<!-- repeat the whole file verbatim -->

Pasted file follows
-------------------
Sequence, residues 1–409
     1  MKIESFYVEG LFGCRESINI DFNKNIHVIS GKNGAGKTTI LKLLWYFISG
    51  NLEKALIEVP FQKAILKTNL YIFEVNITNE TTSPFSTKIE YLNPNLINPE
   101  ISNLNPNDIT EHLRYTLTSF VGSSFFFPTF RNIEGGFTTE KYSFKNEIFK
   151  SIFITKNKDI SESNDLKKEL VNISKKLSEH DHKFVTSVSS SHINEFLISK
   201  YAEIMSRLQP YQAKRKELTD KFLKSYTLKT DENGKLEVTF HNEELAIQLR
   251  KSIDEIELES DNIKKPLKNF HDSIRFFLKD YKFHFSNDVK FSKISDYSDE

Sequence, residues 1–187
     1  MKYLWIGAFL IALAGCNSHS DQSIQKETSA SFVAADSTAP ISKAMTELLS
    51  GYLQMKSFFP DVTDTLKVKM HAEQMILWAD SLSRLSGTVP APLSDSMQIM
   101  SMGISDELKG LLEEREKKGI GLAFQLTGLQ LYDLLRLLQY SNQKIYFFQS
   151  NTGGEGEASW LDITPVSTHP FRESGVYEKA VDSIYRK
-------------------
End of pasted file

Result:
Sequence, residues 1–409
     1  MKIESFYVEG LFGCRESINI DFNKNIHVIS GKNGAGKTTI LKLLWYFISG
    51  NLEKALIEVP FQKAILKTNL YIFEVNITNE TTSPFSTKIE YLNPNLINPE
   101  ISNLNPNDIT EHLRYTLTSF VGSSFFFPTF RNIEGGFTTE KYSFKNEIFK
   151  SIFITKNKDI SESNDLKKEL VNISKKLSEH DHKFVTSVSS SHINEFLISK
   201  YAEIMSRLQP YQAKRKELTD KFLKSYTLKT DENGKLEVTF HNEELAIQLR
   251  KSIDEIELES DNIKKPLKNF HDSIRFFLKD YKFHFSNDVK FSKISDYSDE

Sequence, residues 1–187
     1  MKYLWIGAFL IALAGCNSHS DQSIQKETSA SFVAADSTAP ISKAMTELLS
    51  GYLQMKSFFP DVTDTLKVKM HAEQMILWAD SLSRLSGTVP APLSDSMQIM
   101  SMGISDELKG LLEEREKKGI GLAFQLTGLQ LYDLLRLLQY SNQKIYFFQS
   151  NTGGEGEASW LDITPVSTHP FRESGVYEKA VDSIYRK